28 July 2011

Rudolf, the Thoroughly Cooked Reindeer

I'm quite looking forward to autumn. It's less frenzied, life returns back to normal and I certainly don't spend my days being lazy and blogging excessively. But the ultimate highlight has to be the food – tastes of the forest, juniper berries, bilberries, moose meat. It's all very pleasing to the tongue. I dare say I don't even mind the rain, as long as the wind behaves responsibly. But this post is not about the weather. It is about stews. And reindeer.

My maternal grandmother, mormor, makes a mean autumn stew. Of course, she makes the entire stew with fresh ingredients – homemade sour cream, homemade black currant saft, moose meat shot by my uncle. As I cannot be trusted with a rifle (as clumsy as I am, I'm sure I'd end up shooting the neighbour's cat), moose hunting is out of the question, but I've got the second best thing: reindeer meat. 

Reindeer have been eaten in Norway since the start of time. In fact, the very word 'reindeer' is Norse, deriving from the word hreindȳri, meaning 'running animal' (in Norwegian, reinsdyr). Reindeer meat is still widely eaten, particularly in the autumn and winter. Because it is awesome. I've never understood people who wouldn't eat game meat. Understandably, it can be difficult to nibble on deer meat whilst you're thinking of Bambi, or reindeer meat with Rudolf, Cupid or Vixen on your mind. No, the best thing would simply be to forget all about these lovely creatures, and just eat your dinner. There is simply no time for anthropomorphic sentimentality here, because reindeer meat is delicious! It is not as 'heavy' as moose meat, but just as tender, dark and moist. And if that isn't enough for you to start eating Rudolph (sorry), let me add that reindeer meat is incredible healthy, stuffed with vitamin E and omega-3. There you go. Now go and eat.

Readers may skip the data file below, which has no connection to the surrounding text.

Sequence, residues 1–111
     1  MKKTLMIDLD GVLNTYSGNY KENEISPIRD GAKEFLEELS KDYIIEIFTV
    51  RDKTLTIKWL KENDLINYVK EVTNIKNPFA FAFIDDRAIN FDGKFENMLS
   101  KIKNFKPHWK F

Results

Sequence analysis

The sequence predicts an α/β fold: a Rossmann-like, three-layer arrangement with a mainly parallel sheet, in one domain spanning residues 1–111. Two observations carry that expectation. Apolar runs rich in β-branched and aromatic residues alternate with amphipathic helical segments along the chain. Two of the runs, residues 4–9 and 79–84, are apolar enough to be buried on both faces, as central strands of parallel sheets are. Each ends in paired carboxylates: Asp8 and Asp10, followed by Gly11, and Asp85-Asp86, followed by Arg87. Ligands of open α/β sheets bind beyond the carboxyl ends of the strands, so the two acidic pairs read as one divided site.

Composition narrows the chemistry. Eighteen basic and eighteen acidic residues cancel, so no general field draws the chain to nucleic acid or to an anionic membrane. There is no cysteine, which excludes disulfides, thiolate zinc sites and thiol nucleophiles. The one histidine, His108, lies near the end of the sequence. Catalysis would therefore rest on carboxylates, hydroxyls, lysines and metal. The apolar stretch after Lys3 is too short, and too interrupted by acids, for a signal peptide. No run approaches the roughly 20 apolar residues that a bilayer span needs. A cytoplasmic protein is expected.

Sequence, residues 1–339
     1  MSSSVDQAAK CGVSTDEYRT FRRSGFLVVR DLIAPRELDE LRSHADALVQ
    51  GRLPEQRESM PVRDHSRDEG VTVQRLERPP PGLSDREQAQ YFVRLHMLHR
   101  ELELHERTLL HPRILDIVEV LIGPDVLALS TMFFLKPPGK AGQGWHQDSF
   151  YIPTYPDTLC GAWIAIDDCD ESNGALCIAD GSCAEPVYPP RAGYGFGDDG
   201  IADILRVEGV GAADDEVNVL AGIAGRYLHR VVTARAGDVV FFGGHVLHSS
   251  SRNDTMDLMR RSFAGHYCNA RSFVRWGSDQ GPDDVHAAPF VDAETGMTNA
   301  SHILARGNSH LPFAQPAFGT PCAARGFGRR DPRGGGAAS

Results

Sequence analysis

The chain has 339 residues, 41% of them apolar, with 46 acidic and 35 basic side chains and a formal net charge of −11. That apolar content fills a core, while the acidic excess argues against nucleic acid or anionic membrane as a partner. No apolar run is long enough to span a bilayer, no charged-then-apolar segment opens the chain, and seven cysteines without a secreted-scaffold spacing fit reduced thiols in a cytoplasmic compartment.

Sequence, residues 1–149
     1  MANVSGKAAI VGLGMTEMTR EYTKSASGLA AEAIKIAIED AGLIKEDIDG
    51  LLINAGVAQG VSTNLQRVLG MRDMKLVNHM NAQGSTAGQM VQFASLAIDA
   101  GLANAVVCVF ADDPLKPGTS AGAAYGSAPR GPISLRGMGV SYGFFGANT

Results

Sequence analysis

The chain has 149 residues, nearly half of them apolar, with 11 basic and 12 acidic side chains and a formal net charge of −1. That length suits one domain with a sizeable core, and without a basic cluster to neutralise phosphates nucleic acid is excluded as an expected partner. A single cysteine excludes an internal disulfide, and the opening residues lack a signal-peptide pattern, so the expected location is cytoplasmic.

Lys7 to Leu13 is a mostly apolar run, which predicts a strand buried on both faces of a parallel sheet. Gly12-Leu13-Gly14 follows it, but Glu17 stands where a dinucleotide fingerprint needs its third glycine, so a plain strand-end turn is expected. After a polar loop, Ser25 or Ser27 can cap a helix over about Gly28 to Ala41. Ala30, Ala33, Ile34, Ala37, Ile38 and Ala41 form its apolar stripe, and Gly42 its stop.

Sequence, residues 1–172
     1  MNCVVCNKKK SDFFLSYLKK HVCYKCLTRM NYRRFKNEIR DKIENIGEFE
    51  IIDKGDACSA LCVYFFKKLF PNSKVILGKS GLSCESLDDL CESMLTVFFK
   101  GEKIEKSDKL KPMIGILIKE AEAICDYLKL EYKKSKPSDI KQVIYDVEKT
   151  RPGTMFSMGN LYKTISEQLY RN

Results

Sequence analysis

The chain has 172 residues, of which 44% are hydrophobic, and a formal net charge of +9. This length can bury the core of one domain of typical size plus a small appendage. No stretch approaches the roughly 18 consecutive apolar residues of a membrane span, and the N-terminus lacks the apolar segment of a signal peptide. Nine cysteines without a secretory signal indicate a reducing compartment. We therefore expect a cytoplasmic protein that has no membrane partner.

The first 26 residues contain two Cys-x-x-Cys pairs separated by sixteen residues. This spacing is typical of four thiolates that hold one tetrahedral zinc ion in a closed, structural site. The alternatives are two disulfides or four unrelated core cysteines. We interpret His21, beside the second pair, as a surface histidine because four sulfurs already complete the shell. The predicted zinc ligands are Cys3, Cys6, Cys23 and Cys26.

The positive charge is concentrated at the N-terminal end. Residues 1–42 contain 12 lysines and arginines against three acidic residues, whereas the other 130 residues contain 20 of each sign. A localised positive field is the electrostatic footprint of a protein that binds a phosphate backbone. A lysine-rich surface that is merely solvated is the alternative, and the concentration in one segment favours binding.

{Mormor's Forest Stew}

700 g. reindeer, elk or moose meat
1 onion
2-3 carrots
1 parsley
5 crushed juniper berries
4 dl water
5 tbsp sour cream 
1 dl milk
1-2 tbsp flour
2-3 tbsp black currant saft or concentrate
1 tsp thyme
100 g. fresh mushrooms
Salt and pepper

1.Cut the meat into square pieces and sauté in the butter until thoroughly cooked. Remove and reserve. Add more butter, enough to coat the bottom of your pan, and add the onion, carrots and parsley. Cook until they turn limp. In a large casserole, place the reindeer meat, vegetables and the crushed juniper berries. Let it cook over warm heat, then turn the heat down and allow the meat to soak for 30 minutes.

2.In the pan, sauté the mushrooms in butter and add to the casserole. Mix the sour cream, milk and flour together and pour into the casserole along with the black currant concentrate, salt, pepper and thyme. Let it cook over warm heat for 2-3 minutes. Turn down the heat, and allow the stew to simmer over low heat for 15-20 minutes, or until the meat is tender. 

Serve with potatoes and lingonberry jam

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